Archive

Posts Tagged ‘Ruby’

Ruby on .NET?

December 7, 2005 Leave a comment

I appears that researchers at QUT‘s Programming Languages and Systems group are working on an implementation of Ruby for .NET. The “secret” is reveal on this page. The work is support by Microsoft Research. Davis Thomas also mentions it in an article about the emergence of agile languages. There seem to be no other sources of information at present.

It turns out that John Gough organised a birds of a feather for Implementing Dynamic Languages on the .NET CLR at the Dynamic Languages Symposium back in October (2005).

QUT is my old university and John Gough my was my favorite lecturer. I studied compiler construction under John and later wrote a small compiler under his supervision in C# targetting .NET (and using his book Compiling for the .NET CLR as a resource). It’s a small world. I’m working in the UK at the moment. The guy who sits next to me at work comes from South Africa. He studied under Pat Terry at Rhodes University. Pat is also a compiler guy. John and him were involved on the Modula-2 language commitee. Turn’s out that I used Pat’s Coco/R (C# version) on that project.

Dependency Injection – Vitally Important or Totally Irrelevant

October 25, 2005 Leave a comment

Jim Weirich has an excellent presentation that will make Java developers think differently about dependency injection.

Java…Ruby…Groovy

http://onestepback.org/articles/groovy/groovyspeed.html

If you read the entire article above please note that closures have *indefinite* extent , not *dynamic* extent.

Continuations for curmudgeons

April 24, 2005 Leave a comment

Sam Ruby has a much praised blog entry entitled “Continuations for Curmudgeons“.

I didn’t like the tone of the article which seem to treat the C programmers as some kind of dinasaur with no interest in other languages (or language features).

There was no mention of Scheme. When learning about continuations I think it’s best to learn from the source. That source appears to be the Scheme programming language. R5RS includes call-with-current-continuation function usually shortened to call/cc. A really good introduction to Scheme with coverage of continuations for non-trivial applications is contained in Dorai Sitaram’s Teach Yourself Scheme in Fixnum Days (TYSiFD).

Sam seems to have some confusion about continuations and there relationship to closures, iterators, generators and coroutines. Just because a language has a “yield” keyword doesn’t mean it has first class continuations. Yield is usually used for generators. One of the highlights of TYSiFD is implementing coroutines with continuations.

Ruby supports first class continuations. The callcc method is available from the Kernel class. I played around with the code from the Ruby documentation of the Continuation class. You really don’t need call/cc for the contrived example there:

original_guys = ["Freddie", "Herbie", "Ron", "Max", "Ringo"]

puts "method 1: (first-class) continuation"
guys = original_guys.clone
callcc{|$k|}
puts(message = guys.shift)
$k.call unless message =~ /^R/;

puts
puts "method 2: continuation with different way of setting global"
guys = original_guys.clone
callcc{|k| $k = k}
puts (message = guys.shift)
$k.call unless message =~ /^R/;

puts
puts "method 3: just a loop"
guys = original_guys.clone
loop {
  message = guys.shift
  puts message
  if (message =~ /^R/)
    break
  end
}

puts
puts "method 4: (tail) recursion using methods/functions"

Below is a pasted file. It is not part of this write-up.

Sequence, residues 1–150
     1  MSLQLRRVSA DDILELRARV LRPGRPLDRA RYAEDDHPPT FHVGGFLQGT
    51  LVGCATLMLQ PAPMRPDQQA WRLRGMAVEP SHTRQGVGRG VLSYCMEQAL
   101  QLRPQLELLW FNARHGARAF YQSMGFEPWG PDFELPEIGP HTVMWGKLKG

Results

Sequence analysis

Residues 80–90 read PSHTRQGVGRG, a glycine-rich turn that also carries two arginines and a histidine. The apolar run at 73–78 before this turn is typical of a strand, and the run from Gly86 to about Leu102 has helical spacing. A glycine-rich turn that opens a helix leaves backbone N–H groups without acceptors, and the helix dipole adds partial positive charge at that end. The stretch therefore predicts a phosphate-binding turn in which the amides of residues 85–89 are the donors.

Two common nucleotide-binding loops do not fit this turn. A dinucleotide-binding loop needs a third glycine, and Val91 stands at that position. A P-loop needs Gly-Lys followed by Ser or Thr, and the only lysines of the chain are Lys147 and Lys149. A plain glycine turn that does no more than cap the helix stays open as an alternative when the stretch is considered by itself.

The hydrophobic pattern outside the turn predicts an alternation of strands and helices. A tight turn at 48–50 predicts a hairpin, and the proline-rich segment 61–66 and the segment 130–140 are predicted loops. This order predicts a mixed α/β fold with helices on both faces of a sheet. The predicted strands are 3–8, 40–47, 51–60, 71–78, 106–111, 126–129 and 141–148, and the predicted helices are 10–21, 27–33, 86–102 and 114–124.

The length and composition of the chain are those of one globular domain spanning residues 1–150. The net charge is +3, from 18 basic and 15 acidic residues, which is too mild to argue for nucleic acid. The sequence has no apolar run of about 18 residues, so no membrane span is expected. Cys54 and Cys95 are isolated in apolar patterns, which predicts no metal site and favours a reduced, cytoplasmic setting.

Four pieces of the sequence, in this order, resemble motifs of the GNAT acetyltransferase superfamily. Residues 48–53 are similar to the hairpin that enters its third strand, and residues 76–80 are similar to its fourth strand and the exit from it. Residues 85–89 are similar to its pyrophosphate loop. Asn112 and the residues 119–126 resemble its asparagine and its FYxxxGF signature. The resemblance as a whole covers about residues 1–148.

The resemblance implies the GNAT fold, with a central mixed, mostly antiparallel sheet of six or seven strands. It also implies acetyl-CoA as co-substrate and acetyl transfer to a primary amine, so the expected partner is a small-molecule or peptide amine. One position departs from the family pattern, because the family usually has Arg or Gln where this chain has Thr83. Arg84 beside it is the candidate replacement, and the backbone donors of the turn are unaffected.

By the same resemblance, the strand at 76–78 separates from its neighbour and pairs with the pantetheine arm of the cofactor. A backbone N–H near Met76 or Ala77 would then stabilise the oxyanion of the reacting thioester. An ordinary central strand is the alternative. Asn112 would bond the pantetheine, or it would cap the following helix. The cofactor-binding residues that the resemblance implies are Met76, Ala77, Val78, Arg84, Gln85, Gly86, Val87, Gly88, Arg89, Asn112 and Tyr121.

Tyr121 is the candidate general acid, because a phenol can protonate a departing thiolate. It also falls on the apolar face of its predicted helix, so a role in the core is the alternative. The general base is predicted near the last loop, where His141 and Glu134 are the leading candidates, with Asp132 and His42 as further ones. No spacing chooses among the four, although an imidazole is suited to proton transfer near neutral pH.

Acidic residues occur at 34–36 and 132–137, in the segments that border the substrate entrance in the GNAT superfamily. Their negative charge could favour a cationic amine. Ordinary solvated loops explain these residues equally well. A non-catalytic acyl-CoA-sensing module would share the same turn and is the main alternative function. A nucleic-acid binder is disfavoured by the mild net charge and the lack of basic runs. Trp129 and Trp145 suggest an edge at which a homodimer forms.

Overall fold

puts "          Ugly - needs guys to be global variable."
$guys = original_guys.clone
def myloop
  message = $guys.shift
  puts message
  unless message =~ /^R/
    myloop
  end
end
myloop

puts
puts "method 5: (tail) recursion using blocks"
guys = original_guys.clone
myloop = Proc.new{
  message = guys.shift
  puts message
  unless message =~ /^R/
    myloop.call
  end
}
myloop.call

puts
puts "method 6: using each and catch/raise"
guys = original_guys.clone
catch (:early_exit) {
  guys.each {|item|
    puts item
    if item =~ /^R/
      throw :early_exit
    end
  }
}

Static versus dynamic attitude

February 22, 2005 Leave a comment

I think Bill is dead-on-the-money with the different-language, different-mindset thing. Java can make you feel guilty alright :-). Even when you can get over your own guilt, there’s the struggle with your colleagues who may not have a dynamic mindset.

I’ve been programming in JavaScript lately (actually more ActionScript 2.0 but some browser based JavaScript too). You’d probably return a single object there rather than multiple:

    var context = ExamplePage.process();

followed by code using context.forumID, context.reply, context.subject and context.body.

Single objects are constructed easily in JavaScript:

    function process() {
        // Do some processing...
        return {
            forumID: ...,
            reply: "a reply",
            subject: "a subject",
            context: "a context"
        }
    }

This is a very lightweight approach. Another poster had a similar solution in Python. There must be a similar way of doing this in Ruby or Groovy.

It would be great to use Ruby/JRuby, Groovy, JavaScript, Python/Jython or whatever on the Java platform. What’s needed for adoption is buy-in by vendors like Sun and IBM (so that project managers and other developers don’t have a fit when something without the .java or .xml file extension is checked into the repository). It would be nice to have support for these languages in Eclipse (say) with all the usual bells-and-whistes Java programmers have come to rely on to get stuff done – code completion, Javadoc lookup, hyperlinking, refactoring etc. Groovy seems to have alot of momentum including a JSR thing – so maybe something along these lines is not too far away. Maybe it’s already there and I just haven’t looked!

BTW – have you heard about NoXML? It’s this great new XML technology…